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A brief history of the athletic shoe

Discussion in 'Break Room' started by Cameron, Apr 16, 2008.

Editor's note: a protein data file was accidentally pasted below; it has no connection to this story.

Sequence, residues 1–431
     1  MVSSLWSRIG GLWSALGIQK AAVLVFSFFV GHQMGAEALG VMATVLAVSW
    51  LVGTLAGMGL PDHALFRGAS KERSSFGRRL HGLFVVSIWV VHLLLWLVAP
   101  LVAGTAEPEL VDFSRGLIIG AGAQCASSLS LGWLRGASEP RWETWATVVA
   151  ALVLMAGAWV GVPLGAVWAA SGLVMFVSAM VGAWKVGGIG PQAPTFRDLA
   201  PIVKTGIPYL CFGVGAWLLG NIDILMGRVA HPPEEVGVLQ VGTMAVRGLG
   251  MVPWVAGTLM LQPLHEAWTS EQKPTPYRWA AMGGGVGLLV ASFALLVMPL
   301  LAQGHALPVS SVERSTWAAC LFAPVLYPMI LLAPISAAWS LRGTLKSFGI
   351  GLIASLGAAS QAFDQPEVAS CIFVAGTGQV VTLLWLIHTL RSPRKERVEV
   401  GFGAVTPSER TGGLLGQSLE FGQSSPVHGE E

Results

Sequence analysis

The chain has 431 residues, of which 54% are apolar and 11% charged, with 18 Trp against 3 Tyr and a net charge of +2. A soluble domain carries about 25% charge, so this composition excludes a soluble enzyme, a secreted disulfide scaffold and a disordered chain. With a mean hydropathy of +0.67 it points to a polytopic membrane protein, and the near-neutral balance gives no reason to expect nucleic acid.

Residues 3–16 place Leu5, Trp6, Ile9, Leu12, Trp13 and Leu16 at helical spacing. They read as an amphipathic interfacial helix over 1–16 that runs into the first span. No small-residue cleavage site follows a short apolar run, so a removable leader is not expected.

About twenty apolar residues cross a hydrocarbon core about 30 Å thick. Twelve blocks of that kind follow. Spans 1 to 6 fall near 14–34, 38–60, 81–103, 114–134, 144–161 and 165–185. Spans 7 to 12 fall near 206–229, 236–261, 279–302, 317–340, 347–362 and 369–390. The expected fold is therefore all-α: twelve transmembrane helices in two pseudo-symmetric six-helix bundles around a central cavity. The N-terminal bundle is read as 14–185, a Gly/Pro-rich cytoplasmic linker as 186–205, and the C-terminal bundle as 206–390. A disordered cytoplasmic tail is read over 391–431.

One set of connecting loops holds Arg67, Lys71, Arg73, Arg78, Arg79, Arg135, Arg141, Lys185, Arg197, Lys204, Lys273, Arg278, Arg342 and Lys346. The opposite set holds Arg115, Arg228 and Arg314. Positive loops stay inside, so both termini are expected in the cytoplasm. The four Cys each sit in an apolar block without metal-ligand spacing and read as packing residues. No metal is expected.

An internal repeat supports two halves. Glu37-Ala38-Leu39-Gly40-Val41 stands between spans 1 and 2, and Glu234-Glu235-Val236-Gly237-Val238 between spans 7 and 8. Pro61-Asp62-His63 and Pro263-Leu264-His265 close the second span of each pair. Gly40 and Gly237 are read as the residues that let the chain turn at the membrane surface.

1. Cameron

    Cameron Well-Known Member